It is bundled as part of the RAD Video Tools along with RAD Game Tools' previous video codec, Smacker video. It is a hybrid block-transform and wavelet codec using 16 different encoding techniques. The codec places emphasis on lower decoding requirements over other video codecs with specific optimizations for the different computer game consoles it supports.
It has been primarily used for full-motion video sequences in video games, and has been used in games for Windows, Mac OS, Xbox 360, Xbox, GameCube, Wii, PlayStation 3, PlayStation 2, Dreamcast, Nintendo DS, and PSP.
Bink 2, a new version of the format, was released in 2013. This new format is available for Windows (standard, Windows 8 Store and Windows 8 Phone), Mac OS, Linux, Sony PlayStation 5, PlayStation 4, PlayStation 3, and PS Vita, Xbox One, Xbox 360, Wii and Wii U, Nintendo Switch, Android and iOS. Bink 2 is faster than Bink 1, and supports higher resolutions as well.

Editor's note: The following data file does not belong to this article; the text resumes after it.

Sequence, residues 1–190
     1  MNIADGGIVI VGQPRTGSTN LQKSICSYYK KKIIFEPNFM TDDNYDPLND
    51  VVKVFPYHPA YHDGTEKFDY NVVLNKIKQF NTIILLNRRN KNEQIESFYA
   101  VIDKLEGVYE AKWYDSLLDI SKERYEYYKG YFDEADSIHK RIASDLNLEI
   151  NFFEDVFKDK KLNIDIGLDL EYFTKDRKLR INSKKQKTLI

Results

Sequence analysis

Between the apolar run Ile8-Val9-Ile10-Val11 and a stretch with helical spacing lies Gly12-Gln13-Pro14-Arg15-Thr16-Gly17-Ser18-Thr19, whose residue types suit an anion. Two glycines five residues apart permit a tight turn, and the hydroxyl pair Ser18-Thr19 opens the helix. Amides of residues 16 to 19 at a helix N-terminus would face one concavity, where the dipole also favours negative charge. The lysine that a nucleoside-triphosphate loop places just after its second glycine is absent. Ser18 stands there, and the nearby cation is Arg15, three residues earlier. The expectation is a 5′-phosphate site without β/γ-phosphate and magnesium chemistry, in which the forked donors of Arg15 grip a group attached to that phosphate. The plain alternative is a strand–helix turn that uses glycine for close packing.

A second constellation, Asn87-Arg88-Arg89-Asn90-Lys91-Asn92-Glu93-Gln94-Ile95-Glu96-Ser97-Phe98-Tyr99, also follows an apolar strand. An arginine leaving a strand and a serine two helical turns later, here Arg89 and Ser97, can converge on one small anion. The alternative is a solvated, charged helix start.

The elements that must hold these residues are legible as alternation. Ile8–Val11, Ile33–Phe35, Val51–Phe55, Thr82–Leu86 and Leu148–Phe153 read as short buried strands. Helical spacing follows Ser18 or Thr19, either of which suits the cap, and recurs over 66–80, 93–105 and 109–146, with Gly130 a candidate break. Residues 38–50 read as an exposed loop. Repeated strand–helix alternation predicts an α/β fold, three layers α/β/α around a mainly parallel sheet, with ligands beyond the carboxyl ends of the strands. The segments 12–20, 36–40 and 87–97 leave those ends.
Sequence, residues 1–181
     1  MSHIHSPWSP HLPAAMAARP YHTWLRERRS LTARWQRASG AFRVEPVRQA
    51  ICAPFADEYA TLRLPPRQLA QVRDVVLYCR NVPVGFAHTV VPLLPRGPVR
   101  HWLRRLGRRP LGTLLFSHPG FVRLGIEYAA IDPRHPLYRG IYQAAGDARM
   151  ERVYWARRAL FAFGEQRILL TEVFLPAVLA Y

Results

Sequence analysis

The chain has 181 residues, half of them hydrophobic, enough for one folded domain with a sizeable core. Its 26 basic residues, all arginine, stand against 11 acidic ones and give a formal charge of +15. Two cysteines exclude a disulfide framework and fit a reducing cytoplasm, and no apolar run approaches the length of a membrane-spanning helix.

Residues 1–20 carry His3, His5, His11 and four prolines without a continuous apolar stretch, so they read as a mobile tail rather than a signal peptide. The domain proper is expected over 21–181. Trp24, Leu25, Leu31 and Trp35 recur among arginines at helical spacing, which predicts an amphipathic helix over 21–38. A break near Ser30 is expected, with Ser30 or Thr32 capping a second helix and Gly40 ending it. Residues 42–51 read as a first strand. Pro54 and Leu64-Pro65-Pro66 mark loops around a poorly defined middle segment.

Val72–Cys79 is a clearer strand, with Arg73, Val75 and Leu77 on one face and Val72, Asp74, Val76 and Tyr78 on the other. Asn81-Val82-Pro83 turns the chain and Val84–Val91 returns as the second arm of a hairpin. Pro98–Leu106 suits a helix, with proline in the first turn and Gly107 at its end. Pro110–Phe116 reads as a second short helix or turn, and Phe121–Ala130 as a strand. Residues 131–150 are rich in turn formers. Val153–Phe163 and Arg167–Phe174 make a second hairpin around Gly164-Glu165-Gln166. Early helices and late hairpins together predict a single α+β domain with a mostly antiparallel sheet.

Epic Games acquired the technology and business of RAD Game Tools including Bink on January 7, 2021. It was announced they planned to integrate RAD's technology directly into Unreal Engine and that licenses will continue to be available to those who do not use the Unreal Engine in their work.
- "Bink Development History". Retrieved 9 December 2020.
- "Bink Customer Page". www.radgametools.com. Retrieved 2016-07-06.
- "FFmpeg cvs-log mailing list". Archived from the original on 2017-03-03. Retrieved 2010-05-28.
- "Game Developer Reveals 2009 Front Line Awards Winners, Bink To Hall Of Fame". January 8, 2010.
- Freeman, Will (2013-04-11). "Interview: Bink 2". Develop. NewBay Media.
- RAD Game Tools' Bink section
- "Bink Video!". RAD Game Tools. RAD Game Tools. Retrieved 25 February 2019.
- "Epic Games announces new acquisition of RAD Game Tools". Polygon. January 7, 2021.
- "Epic acquires Rad Game Tools, veteran of many gaming generations". January 7, 2021.